- Roads. The nation’s highways serve as the backbone of our transportation system. Many roads and bridges are in need of repair and expansion and many of the Americans who want to do this work face high unemployment right now. Our investments would be focused on modernizing the highway system’s critical assets while providing much-needed jobs.
- Rail. Many parts of transit systems have been allowed to fall into a state of ill-repair. The President’s plan would help address this by making a major new investment in the nation’s bus and rail transit system. The Administration is also committed to expanding public transit systems and would dedicate significant new funding to the “New Starts” program – which supports locally planned, implemented, and operated major transit projects. In addition, the Administration is committed to building on its investments so far in high-speed rail – constructing a system that will increase convenience and productivity, while also reducing our nation’s dependence on oil and cutting down on pollution. The President’s plan would also invest in a long-overdue overhaul of Amtrak’s fleet.
- Runways & NextGen. The Administration proposes to invest in our nation’s airports by improving their runways and other equipment and facilities. We also propose a robust investment in our effort to modernize the nation’s air traffic control system (NextGen). This investment will help both the FAA and airlines to install new technologies and, among other improvements, move from a national ground-based radar surveillance system to a more accurate satellite-based surveillance system – the backbone of a broader effort to reduce delays for passengers, increase fuel efficiency for carriers, and cut airport noise for those who live and work near airports.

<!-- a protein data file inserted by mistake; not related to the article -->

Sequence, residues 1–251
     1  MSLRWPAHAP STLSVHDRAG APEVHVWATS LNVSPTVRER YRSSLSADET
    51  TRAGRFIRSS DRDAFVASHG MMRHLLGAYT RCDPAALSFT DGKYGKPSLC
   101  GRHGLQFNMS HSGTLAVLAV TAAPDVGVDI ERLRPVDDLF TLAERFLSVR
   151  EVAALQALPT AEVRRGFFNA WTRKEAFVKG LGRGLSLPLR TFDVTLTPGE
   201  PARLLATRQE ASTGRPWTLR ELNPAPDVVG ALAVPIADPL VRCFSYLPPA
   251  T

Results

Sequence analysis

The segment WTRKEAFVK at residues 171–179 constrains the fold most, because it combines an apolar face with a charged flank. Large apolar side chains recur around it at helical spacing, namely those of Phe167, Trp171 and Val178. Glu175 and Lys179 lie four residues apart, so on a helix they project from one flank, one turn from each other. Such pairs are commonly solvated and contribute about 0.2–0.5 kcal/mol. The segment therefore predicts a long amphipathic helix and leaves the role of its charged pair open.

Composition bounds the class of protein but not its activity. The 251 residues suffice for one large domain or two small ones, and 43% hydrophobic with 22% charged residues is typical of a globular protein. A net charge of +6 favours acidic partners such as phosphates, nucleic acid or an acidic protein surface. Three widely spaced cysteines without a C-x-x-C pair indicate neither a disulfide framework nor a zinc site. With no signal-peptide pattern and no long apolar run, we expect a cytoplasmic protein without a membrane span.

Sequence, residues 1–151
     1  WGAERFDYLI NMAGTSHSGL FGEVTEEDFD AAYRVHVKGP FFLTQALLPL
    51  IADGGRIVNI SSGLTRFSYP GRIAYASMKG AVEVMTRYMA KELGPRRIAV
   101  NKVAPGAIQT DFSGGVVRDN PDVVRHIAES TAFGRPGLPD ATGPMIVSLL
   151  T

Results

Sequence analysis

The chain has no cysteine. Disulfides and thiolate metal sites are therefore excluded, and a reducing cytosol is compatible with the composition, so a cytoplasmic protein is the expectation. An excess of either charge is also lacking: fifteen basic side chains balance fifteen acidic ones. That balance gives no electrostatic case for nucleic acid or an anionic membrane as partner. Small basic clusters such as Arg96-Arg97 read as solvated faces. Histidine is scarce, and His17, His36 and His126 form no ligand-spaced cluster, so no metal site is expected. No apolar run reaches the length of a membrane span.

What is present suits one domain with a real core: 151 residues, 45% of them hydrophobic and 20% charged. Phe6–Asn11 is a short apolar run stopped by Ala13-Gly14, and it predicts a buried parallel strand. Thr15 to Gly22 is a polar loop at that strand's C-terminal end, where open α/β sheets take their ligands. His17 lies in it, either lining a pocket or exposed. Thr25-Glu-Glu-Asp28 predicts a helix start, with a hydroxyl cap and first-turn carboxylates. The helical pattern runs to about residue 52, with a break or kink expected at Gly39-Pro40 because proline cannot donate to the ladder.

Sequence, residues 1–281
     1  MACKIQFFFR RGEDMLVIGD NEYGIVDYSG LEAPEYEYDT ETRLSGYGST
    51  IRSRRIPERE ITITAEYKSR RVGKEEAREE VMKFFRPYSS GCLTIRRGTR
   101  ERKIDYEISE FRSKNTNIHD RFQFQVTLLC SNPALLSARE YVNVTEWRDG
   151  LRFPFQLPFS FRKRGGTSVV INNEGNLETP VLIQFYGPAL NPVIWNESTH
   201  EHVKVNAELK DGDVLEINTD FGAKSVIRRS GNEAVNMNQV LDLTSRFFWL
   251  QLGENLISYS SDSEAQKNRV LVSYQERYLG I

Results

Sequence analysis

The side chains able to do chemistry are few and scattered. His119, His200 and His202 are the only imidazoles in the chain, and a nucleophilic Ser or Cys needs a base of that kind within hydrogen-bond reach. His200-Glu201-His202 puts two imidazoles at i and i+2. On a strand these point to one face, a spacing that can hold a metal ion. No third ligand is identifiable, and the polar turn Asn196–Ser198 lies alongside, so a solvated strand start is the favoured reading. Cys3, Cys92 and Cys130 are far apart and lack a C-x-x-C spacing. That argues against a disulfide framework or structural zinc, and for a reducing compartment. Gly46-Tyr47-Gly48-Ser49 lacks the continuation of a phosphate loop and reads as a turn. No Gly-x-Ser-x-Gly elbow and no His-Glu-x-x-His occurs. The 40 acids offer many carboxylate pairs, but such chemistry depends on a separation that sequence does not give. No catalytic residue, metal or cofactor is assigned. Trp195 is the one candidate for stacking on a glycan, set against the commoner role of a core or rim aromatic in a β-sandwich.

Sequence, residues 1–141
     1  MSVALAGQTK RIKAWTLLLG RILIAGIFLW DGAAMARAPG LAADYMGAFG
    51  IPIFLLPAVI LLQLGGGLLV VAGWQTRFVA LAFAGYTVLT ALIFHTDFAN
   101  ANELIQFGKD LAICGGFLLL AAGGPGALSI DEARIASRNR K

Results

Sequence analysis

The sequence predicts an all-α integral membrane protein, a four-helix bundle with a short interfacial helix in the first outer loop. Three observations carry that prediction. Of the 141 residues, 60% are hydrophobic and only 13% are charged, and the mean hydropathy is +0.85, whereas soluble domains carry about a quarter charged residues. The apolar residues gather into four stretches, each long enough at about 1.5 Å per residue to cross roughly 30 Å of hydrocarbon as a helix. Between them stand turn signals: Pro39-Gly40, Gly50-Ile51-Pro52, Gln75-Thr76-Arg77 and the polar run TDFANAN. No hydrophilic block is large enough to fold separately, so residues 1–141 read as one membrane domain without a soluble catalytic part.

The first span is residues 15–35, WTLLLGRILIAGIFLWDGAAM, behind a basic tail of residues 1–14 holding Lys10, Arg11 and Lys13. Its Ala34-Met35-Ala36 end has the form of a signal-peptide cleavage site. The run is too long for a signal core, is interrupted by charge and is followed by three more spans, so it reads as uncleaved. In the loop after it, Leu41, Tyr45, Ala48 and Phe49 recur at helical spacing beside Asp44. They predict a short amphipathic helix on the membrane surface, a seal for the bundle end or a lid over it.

- Infrastructure Bank. The President proposes to fund a permanent infrastructure bank. This bank would leverage private and state and local capital to invest in projects that are most critical to our economic progress. This marks an important departure from the federal government’s traditional way of spending on infrastructure through earmarks and formula-based grants that are allocated more by geography and politics than demonstrated value. Instead, the Bank will base its investment decisions on clear analytical measures of performance, competing projects against each other to determine which will produce the greatest return for American taxpayers.